Problems with the Gift/Satisfaction theory
The Gift / Satisfaction theory of the atonement that I explained here, is an interesting theory of atonement. It fits well with the culture of the time. We know Jews at this time understood some deaths in this manner (the Maccabean Martyrs), and the language they use about these deaths is very very similar to the language used about Jesus in the New Testament. It also explains the use of generic phrases such as "Christ died for our sins". Three highly competent scholars I am aware of think it is taught by Paul.
Yet I have two issues with it that I just can't get my head around. They just don't make any sense to me, and I just can't understand how they could ever make sense. Both come back to the close link between Jesus and God.
1. Giving a gift to yourself makes no sense. It just doesn't. Sure the concept of splashing out as a reward for your hard work makes sense. But no one expends a great deal of effort simply to gift themselves that effort. If Jesus is in any way God's agent, the idea that he gifted his faithful life to God strikes me as plain nonsensical. It would be fine if he was human and not 'working for' God. But I just can't make sense of the idea of God trying to give a gift to himself. It seems to me that an extremely exceptionally 'low' view of Jesus' divinity is required to make any sense at all of this idea.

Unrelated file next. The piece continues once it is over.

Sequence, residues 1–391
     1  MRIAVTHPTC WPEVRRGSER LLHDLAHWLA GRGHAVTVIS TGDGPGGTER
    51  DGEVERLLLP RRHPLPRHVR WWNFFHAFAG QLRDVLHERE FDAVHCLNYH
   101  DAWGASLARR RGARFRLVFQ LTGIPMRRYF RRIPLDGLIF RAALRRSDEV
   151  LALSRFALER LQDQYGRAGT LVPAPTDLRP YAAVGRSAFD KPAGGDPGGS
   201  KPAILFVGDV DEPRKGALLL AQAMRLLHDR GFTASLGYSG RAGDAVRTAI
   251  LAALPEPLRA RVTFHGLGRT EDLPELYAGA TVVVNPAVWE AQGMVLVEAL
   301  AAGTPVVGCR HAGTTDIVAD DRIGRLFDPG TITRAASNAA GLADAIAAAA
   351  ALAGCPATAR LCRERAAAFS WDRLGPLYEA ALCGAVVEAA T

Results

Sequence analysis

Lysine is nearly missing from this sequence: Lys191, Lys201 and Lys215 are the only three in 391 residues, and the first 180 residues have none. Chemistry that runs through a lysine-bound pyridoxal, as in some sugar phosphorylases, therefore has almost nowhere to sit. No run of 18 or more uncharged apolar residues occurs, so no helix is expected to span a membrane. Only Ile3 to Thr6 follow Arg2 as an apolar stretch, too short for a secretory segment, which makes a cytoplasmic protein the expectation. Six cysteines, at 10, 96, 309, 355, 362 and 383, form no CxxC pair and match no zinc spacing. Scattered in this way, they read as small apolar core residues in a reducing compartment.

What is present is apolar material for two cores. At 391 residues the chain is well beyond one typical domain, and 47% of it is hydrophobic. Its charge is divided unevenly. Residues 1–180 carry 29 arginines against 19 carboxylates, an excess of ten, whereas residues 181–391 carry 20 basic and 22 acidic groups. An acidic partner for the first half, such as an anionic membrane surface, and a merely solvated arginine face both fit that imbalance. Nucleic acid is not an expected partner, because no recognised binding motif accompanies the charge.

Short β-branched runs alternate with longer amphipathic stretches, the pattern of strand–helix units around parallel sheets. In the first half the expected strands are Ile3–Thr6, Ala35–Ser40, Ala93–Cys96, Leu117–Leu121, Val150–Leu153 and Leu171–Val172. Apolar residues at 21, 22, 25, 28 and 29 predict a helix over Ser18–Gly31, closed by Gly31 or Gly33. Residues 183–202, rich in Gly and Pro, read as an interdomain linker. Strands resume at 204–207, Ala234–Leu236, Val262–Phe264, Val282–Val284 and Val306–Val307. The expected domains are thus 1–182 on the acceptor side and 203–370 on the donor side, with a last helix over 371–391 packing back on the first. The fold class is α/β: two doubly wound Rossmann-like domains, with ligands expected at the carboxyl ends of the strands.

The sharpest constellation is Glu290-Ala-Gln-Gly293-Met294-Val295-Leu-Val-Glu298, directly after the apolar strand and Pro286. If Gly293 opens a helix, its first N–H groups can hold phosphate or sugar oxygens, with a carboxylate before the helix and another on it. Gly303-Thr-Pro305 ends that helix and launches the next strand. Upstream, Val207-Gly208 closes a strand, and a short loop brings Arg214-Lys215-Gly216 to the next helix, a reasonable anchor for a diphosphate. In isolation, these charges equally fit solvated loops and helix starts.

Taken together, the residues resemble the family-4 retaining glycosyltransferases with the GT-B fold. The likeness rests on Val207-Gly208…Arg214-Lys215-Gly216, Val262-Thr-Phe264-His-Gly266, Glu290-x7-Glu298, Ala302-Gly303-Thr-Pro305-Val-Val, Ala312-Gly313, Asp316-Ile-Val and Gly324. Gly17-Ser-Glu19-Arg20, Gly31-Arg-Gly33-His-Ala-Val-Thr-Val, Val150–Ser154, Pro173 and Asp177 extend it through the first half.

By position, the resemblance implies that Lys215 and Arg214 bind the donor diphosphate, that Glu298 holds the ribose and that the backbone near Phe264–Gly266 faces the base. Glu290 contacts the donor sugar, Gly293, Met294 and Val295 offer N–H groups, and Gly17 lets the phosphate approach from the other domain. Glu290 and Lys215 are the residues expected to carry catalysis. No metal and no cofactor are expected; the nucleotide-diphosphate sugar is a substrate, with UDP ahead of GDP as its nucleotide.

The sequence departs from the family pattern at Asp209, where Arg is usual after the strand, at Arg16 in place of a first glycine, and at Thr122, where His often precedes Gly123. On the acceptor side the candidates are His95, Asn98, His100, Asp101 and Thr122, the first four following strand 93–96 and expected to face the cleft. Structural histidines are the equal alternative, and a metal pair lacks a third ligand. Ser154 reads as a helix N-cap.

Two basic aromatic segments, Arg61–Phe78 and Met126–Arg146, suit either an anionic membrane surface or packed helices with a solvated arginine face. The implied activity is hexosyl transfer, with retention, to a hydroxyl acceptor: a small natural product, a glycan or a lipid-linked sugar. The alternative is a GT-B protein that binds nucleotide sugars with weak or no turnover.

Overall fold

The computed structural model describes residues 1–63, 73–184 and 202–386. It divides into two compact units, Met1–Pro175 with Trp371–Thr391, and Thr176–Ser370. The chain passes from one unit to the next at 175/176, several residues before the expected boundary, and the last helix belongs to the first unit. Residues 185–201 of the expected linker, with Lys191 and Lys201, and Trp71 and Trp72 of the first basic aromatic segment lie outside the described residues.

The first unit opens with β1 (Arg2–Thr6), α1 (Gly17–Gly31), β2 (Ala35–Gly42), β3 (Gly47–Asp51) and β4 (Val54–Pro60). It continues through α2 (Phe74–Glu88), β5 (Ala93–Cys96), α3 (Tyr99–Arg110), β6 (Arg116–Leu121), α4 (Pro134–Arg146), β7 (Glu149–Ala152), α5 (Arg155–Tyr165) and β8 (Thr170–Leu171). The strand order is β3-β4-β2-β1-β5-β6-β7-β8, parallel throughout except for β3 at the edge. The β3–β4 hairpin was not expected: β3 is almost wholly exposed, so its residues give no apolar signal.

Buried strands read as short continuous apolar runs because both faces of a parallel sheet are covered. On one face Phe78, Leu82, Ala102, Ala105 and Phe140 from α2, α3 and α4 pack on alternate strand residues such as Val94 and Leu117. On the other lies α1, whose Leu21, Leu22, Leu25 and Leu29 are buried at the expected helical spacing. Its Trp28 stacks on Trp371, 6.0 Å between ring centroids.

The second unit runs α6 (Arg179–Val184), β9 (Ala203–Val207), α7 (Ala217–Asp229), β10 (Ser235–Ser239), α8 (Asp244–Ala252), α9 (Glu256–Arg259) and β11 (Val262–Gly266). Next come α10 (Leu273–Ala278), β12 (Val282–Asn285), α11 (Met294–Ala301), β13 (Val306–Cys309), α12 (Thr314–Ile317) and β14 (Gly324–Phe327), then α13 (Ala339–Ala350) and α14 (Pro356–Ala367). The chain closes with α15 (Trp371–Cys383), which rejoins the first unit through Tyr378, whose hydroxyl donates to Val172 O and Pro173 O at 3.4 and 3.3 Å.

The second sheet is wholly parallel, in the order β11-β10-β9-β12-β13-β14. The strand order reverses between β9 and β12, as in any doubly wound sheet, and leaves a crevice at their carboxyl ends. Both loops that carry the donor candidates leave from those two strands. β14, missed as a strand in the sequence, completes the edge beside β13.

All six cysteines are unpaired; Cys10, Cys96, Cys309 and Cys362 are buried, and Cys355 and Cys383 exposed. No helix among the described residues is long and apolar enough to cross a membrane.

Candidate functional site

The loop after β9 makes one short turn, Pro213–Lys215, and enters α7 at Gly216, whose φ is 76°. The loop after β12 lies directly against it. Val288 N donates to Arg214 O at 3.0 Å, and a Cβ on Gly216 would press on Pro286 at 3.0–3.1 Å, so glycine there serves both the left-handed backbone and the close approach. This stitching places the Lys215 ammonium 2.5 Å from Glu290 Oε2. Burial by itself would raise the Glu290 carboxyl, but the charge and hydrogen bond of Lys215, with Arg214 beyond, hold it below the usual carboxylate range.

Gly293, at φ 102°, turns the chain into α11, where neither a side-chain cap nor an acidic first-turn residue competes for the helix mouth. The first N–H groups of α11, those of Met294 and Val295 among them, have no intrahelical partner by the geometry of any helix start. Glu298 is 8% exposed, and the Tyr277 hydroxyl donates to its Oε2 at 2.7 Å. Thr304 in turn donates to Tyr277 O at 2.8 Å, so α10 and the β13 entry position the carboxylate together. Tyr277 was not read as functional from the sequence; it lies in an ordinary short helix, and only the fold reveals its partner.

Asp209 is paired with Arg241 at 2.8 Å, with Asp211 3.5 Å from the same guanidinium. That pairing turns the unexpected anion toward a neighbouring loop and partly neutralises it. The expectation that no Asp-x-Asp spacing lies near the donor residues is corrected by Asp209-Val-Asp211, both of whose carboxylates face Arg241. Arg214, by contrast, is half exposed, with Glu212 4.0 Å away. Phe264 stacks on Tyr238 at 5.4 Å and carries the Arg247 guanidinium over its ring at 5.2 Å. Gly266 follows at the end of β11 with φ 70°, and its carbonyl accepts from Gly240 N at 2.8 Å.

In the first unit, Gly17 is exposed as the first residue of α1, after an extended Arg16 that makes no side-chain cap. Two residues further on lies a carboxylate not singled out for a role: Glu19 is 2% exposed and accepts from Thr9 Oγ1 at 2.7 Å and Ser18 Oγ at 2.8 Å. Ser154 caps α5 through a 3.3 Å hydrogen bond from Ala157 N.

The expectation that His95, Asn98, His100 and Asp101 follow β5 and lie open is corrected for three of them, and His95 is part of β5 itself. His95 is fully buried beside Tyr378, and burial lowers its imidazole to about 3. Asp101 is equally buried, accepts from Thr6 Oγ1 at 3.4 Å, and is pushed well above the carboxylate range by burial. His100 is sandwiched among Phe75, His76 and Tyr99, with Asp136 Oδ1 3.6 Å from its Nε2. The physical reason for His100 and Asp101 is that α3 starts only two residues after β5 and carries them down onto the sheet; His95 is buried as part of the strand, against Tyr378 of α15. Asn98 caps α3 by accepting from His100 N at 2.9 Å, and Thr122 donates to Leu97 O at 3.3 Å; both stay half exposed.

2. Why the need for God to give himself 'satisfaction' or a gift? If God wants to be kind, he doesn't need to give himself a gift imploring himself to be kind. To make this work, some reason has to be concocted about God not being able to do what he wants to do until he has given himself a gift to make him want to do it more. Alternatively we could say that God wants to not be wrathful and yet is obligated to be, and so has Jesus achieve satisfaction in order to get out of his obligation that he does not desire to fulfill. That was the line Anselm took. But that idea just doesn't make sense in our culture at all. And I think Anselm was scraping the barrel with this one and that it didn't make much sense in his own culture or the biblical authors' culture either.
So, in short, the gift theory is all very well and has potential. Yet it seems to demand either a fairly extreme disconnection between God and Jesus, or an implausible account of the necessities that God works under. So I can't really get my head around it as a model despite the benefits I can see in it.
So readers! What am I missing? This one has me stumped.